In a supporting bout we'll see OPBF title action as OPBF Lightweight champion Masayoshi Nakatani (13-0, 8) takes on once beaten Thai challenger Kaewfah Tor Buamas (23-1, 16). For the champion this will be his 7th defense of the title, a title that he won more than 3 years ago, and it's arguably one of the more interesting defenses on paper. As for the Thai this is a must win bout given that he was dominated by Czar Amonsot last year, before being stopped in round 7. If Nakatani, as we suspect, wins here there will be serious talk of him getting a world title fight, and it could well be that he gets such a shot later this year, or early next year. For the Thai a win would be a shock, and it would take a career defining performance for him to walk away as the Oriental champion.
In another title bout from this card we see unbeaten youngsters clash in a bout for the vacant Japanese Minimumweight title. The bout will see Reiya Konishi (12-0, 5) battle with Watanabe's exciting Masataka Taniguchi (6-0, 4). Aged 23 Konishi has been a professional since 2013 and made his first real mark in 2014, when he claimed the Rookie of the Year crown. Despite being the Rookie of the Year in 2014 he's not really progressed and hasn't really moved forward in his career in 2015 or 2016. Taniguchi is also 23 but has been a professional for just over a year, debuting last April, and has already impressed with a very notable win last October against Dexter Alimento being a stand out win. Although flawed, and inexperienced, Taniguchi has been seen as a fighter on the fast track and a win here would put him on to the fringes of a world title fight.
Also on this card will be the once beaten Sho Nakazawa (9-1, 4), who will be up against Filipino visitor John Ray Logatiman (5-4-2, 1).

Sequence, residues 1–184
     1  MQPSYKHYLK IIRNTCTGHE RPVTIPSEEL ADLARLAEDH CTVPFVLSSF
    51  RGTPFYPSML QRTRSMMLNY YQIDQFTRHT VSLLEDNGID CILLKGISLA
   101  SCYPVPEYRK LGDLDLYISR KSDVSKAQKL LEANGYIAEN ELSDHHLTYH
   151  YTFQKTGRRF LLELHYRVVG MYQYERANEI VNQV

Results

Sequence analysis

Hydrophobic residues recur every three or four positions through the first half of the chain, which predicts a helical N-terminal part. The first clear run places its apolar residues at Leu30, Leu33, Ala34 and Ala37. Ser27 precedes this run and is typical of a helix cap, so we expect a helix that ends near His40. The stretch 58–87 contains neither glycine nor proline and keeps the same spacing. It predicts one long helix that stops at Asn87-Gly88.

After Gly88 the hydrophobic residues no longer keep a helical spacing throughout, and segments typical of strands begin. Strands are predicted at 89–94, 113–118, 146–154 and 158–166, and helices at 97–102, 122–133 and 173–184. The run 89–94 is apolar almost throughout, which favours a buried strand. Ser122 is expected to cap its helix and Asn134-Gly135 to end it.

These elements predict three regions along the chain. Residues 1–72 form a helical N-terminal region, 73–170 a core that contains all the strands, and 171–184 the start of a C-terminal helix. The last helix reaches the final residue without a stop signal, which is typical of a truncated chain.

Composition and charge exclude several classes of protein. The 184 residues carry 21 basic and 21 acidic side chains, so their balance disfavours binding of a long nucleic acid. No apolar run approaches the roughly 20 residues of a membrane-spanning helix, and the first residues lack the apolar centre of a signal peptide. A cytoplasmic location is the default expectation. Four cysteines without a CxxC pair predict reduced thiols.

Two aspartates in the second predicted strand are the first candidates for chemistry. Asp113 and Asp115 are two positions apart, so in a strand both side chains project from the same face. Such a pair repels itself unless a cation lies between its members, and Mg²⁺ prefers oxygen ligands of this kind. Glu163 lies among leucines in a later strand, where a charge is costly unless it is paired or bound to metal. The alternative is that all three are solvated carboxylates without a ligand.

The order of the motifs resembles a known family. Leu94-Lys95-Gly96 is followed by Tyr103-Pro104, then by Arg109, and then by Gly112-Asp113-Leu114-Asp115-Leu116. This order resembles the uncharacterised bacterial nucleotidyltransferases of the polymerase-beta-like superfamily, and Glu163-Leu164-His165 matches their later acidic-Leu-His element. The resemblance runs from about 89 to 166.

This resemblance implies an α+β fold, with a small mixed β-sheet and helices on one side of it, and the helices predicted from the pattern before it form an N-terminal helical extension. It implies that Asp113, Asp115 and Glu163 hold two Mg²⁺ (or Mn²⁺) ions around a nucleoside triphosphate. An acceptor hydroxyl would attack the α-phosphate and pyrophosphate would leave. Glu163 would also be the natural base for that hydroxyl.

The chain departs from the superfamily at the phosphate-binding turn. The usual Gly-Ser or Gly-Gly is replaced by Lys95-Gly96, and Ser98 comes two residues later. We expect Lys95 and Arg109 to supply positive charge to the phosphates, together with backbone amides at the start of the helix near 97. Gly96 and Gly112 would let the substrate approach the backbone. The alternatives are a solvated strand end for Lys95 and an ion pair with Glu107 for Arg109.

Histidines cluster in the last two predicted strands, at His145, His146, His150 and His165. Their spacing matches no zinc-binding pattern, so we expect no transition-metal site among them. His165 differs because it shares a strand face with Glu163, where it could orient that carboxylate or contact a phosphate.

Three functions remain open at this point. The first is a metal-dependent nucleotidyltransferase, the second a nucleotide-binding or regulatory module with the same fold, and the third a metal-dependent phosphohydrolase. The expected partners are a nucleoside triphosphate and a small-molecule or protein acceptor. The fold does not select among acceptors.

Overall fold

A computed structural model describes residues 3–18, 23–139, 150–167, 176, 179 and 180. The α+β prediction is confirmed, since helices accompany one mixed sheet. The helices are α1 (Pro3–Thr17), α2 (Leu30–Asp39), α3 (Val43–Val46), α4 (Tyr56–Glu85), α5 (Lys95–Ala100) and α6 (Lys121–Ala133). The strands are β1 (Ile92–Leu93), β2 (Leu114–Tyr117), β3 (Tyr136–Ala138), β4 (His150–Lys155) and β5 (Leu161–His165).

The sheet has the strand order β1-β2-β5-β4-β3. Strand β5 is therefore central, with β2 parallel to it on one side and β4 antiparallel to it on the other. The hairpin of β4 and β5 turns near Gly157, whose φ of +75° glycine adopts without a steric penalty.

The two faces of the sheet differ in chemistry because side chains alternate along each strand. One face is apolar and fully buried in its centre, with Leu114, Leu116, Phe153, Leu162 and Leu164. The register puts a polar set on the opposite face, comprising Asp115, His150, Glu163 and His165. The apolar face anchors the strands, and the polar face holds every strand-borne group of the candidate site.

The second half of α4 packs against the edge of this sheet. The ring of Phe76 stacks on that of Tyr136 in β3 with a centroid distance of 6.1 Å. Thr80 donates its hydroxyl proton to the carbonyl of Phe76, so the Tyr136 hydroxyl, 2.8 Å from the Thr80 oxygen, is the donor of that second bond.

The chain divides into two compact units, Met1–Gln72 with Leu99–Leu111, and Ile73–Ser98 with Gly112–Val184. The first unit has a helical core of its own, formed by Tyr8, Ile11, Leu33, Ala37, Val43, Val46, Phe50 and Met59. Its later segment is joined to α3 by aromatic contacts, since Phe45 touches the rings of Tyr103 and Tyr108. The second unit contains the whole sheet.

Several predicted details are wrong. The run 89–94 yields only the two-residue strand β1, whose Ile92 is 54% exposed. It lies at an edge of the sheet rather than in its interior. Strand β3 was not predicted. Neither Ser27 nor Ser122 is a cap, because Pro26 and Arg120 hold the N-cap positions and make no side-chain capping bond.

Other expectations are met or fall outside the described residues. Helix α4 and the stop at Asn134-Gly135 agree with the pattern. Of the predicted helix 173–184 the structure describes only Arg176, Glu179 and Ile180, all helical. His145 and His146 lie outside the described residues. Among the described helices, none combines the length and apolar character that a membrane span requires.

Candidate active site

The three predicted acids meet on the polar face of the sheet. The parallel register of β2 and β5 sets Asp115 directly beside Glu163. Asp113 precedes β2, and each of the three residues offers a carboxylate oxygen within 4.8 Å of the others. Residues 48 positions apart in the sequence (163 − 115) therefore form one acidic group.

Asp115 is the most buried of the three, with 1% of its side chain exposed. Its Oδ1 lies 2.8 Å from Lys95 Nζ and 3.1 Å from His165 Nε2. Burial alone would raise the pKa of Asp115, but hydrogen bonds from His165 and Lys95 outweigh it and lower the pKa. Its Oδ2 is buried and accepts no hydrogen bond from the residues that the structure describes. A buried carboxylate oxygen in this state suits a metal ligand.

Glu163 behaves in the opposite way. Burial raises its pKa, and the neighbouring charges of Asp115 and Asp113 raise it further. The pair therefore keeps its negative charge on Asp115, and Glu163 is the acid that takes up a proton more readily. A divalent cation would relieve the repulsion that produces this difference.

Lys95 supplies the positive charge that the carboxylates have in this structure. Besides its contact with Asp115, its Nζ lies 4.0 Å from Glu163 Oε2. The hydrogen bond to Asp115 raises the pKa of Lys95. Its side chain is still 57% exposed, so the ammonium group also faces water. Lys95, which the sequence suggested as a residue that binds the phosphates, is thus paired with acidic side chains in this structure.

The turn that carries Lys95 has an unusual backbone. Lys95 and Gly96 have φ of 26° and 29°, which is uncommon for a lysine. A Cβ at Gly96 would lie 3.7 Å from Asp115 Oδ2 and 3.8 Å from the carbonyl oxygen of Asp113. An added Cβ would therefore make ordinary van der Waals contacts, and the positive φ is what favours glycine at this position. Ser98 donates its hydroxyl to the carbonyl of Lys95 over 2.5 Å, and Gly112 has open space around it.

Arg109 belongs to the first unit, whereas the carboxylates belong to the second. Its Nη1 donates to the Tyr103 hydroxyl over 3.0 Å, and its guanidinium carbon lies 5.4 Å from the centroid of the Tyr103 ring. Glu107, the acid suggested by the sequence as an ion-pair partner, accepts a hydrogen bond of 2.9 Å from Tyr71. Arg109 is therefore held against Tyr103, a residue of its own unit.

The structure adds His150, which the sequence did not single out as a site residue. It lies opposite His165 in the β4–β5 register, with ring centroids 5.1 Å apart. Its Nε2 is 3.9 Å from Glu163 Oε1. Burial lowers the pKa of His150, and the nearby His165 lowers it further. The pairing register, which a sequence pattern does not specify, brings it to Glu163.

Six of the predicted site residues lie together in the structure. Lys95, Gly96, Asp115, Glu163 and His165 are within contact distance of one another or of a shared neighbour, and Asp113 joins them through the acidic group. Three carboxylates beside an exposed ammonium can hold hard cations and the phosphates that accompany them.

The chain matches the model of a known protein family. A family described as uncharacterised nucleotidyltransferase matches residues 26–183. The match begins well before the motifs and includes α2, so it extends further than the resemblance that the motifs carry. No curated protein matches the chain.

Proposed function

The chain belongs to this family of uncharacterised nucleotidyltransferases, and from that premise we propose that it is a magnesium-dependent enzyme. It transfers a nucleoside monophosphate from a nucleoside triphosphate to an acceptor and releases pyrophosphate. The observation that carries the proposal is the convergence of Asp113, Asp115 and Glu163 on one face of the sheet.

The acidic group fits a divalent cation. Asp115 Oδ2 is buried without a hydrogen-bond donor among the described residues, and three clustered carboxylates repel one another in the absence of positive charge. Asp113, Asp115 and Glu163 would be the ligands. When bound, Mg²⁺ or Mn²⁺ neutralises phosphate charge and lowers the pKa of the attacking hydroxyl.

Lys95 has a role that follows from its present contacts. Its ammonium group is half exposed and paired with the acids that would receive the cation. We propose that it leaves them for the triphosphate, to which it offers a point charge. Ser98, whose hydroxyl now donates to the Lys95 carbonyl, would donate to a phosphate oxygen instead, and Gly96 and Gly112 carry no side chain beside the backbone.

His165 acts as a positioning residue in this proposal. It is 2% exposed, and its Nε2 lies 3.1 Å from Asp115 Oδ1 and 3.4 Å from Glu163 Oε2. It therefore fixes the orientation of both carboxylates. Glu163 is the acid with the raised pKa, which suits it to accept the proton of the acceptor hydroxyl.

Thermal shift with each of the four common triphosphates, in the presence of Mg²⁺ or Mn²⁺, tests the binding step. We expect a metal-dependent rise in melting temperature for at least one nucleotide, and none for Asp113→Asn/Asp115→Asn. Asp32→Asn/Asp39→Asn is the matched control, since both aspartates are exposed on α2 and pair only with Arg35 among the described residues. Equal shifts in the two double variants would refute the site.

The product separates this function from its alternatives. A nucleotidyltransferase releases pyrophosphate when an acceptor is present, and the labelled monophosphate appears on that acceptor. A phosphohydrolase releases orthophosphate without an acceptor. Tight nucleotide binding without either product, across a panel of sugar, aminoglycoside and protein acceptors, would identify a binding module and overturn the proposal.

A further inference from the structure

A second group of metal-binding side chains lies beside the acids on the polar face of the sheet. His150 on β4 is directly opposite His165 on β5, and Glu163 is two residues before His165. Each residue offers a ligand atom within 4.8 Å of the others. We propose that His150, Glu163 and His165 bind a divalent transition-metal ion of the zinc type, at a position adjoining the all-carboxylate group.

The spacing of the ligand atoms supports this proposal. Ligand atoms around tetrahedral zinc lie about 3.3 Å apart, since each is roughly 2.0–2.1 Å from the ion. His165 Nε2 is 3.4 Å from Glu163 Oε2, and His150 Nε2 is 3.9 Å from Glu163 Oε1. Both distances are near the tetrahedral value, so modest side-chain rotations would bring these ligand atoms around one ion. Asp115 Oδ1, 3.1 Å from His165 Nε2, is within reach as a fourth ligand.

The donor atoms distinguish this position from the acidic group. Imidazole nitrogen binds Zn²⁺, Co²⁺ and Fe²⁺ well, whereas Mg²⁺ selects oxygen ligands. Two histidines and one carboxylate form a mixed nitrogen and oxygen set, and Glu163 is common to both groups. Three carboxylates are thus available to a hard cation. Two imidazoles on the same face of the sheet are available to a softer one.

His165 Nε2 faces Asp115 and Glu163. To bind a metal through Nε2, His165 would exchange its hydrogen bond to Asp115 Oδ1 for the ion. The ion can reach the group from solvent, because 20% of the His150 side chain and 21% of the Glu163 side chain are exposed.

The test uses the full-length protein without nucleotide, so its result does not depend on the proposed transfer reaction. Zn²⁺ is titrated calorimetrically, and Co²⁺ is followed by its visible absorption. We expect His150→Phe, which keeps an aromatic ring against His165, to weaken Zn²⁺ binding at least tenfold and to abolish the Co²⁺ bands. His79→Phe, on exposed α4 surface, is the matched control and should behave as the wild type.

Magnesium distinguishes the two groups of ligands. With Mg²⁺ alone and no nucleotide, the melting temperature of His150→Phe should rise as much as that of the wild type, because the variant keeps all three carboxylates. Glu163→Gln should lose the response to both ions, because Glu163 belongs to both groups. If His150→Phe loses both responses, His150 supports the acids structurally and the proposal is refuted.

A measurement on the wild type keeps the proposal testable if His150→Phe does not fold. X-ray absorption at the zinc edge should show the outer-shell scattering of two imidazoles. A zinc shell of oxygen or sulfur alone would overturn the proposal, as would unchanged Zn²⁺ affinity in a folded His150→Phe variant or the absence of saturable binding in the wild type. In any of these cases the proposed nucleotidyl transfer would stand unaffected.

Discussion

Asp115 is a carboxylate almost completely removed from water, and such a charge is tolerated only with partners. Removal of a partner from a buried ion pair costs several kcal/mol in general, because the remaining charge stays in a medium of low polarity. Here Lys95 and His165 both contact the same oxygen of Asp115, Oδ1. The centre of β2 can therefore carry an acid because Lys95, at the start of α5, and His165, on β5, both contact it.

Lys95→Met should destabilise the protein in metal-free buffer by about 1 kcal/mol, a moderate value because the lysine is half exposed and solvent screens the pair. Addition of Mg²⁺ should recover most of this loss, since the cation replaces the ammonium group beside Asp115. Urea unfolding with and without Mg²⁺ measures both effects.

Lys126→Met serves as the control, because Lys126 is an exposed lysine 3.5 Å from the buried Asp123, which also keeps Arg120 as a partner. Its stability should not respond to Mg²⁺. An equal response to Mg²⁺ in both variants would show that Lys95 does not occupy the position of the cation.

A second card in Osaka will be put on by Muto gym, and unfortunately whilst it does boast some notable names, the card looks to be a very one sided one. In fact it looks to be little more than a bunch of mismatches.
The main event of the card will see OPBF Bantamweight champion Mark John Yap (25-12, 11) fight in a stay busy contest against a Thai foe. In a leading support bout former OPBF, Japanese and IBF Asia Light Middleweight champion Takayuki Hosokawa (28-11-5, 9) will fight in his retirement, also against a Thai foe, and Masahiro Sakamoto (8-1, 4) is also set to take on a Thai visitor. Sadly none of the Thai's are known quantities suggesting very limited visitors.
In an all-Japan bout we'll see Kazuyasu Okamoto (13-4, 3) battle with Ryo Okayama (8-3-1, 5), who returns to a Japanese ring for the first time since 2014.
There will be a third show in Osaka, though with much less attention than the other two.
The main event here will see Yuta Uetani (19-5-1, 9) facing off with a no-name Thai foe. Although Uetani's bout is the main event there will also be a domestic match up between Ken Osato (10-1-1, 3) and Keita Ito (8-20-2, 4), in what looks like a clear mismatch.